In many places February is a cold and cloudy month—so much the better to treat yourself to a box of Larry Burdick’s Champagne truffles. Who needs a Valentine? You can enjoy them after Valentine’s Day, too. At BurdickChocolate.com.
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Trends, Products & Items Of Note In The World Of Specialty Foods
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Whole Foods Markets To Buy Wild Oats. In a strategic move to buttress itself against the expanding natural and organic foods businesses of Wal-Mart, Safeway, Supervalu and other major food chains, Whole Foods, the world’s largest natural and organic grocery chain, has purchased America’s second largest natural chain, Wild Oats. As mainstream supermarkets seek to expand their organic and natural food offerings, the move prevents Wild Oats from being purchased by a Giant Eagle, Harris Teeter, Stop and Shop or Publix—powerful food chains that would have used their strength and Wild Oats’ distribution to compete against Whole Foods. It is expected that Wild Oats stores will be converted to Whole Foods Markets.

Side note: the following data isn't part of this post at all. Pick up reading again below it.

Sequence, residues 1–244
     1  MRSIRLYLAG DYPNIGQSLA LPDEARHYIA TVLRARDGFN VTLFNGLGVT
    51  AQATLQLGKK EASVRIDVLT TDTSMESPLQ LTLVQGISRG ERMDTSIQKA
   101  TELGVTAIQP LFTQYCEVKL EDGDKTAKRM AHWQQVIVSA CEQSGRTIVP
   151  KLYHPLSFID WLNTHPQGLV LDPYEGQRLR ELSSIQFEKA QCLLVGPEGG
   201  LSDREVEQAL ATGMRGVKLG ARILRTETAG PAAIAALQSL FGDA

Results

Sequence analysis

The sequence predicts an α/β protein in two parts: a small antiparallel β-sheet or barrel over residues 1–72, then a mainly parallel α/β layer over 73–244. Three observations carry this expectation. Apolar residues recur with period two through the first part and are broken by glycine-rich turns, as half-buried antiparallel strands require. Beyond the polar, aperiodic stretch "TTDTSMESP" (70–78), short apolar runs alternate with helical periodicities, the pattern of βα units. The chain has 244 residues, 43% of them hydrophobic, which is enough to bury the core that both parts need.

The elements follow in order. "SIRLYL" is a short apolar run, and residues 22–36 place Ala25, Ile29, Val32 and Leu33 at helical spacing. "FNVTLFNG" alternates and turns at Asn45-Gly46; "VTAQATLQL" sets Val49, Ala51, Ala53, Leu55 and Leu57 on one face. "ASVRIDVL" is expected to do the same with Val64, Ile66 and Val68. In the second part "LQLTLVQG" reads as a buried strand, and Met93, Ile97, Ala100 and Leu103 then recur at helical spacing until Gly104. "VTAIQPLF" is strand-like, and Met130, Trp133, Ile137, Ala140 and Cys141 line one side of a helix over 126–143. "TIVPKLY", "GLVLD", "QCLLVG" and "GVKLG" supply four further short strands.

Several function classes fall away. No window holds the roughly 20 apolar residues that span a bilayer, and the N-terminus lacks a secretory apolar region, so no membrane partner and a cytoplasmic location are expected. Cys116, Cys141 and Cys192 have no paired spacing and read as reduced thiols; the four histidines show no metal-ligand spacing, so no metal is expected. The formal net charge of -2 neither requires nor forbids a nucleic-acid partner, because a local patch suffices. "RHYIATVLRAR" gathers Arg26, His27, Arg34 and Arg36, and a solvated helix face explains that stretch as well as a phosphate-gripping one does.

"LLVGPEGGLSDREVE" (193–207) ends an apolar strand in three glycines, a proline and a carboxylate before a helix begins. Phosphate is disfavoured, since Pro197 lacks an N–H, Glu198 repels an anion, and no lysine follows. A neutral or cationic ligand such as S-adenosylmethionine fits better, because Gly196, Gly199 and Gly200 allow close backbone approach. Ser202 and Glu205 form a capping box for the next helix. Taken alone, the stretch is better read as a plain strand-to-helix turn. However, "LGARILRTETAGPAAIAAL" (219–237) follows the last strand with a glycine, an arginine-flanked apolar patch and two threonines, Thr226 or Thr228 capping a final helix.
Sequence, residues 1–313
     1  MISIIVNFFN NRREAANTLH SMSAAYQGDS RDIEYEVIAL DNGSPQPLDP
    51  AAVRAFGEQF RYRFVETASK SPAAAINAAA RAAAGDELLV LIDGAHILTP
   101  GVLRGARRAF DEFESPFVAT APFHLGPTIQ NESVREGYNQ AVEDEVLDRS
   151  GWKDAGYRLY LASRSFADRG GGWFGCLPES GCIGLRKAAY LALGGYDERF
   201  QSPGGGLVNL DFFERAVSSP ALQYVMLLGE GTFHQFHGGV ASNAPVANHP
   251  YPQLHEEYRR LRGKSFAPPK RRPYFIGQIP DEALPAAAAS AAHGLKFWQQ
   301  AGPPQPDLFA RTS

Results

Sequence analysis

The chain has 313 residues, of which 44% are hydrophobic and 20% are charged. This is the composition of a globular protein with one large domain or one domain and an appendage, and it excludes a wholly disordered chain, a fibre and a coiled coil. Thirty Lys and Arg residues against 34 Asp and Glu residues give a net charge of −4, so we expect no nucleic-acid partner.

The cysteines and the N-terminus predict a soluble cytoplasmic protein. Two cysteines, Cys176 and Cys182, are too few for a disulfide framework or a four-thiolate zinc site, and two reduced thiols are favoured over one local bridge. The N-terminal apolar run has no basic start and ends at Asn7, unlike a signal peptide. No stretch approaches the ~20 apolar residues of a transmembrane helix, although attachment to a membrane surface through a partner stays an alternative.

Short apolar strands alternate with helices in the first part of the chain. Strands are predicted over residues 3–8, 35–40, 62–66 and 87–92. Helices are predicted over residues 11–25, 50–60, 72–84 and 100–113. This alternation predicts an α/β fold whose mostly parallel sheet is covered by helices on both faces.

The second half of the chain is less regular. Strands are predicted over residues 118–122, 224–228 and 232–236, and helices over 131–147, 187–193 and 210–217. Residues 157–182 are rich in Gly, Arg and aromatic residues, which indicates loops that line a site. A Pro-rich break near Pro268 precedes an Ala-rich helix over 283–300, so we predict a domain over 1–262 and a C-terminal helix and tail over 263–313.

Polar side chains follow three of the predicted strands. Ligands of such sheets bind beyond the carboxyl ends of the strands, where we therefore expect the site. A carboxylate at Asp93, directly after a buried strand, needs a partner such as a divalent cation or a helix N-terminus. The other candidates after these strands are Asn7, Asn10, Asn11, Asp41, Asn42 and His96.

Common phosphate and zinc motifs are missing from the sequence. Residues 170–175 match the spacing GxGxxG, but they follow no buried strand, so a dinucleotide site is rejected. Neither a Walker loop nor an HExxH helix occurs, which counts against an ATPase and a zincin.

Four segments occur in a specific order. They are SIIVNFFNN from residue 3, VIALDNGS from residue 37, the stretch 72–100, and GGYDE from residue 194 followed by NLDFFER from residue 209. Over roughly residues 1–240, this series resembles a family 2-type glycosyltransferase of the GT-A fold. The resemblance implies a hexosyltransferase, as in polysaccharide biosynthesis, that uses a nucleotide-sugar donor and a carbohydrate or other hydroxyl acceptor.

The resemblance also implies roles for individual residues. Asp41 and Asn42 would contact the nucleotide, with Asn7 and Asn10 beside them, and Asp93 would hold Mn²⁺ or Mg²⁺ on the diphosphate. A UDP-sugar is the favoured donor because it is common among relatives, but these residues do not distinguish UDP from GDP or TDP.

Guinness Book Names Hottest Chile. The Bhut Jolokia chile from India has been named the world’s hottest chile pepper by the Guinness Book of Records. If you’ve had problems eating jalapeños at 10,000 Scoville Heat Units, don’t even think of going near the Bhut Jolokia, which is ten times hotter at 1,001,304 SHUs. The Bhut Jolokia is a naturally occurring chile hybrid native to the Assam region of northeastern India: Bhut Jolokia means “Ghost Chile” in Assamese. Previously, the Red Savina chile was considered the world’s hottest at 577,000 SHUs until April 2006, when the Dorset Naga tested almost 60% higher at 876,000 SHUs (originating in Bangladesh, it is actually sold with a health warning). The Scoville scale, developed by Wilbur Scoville in 1912, was created to measure the heat level in chiles. Read more about the Scoville Scale and see the comparative heat of chiles, along with our Chile Glossary.
Photo of Bhut Jolokia chile courtesy of Alibaba.com.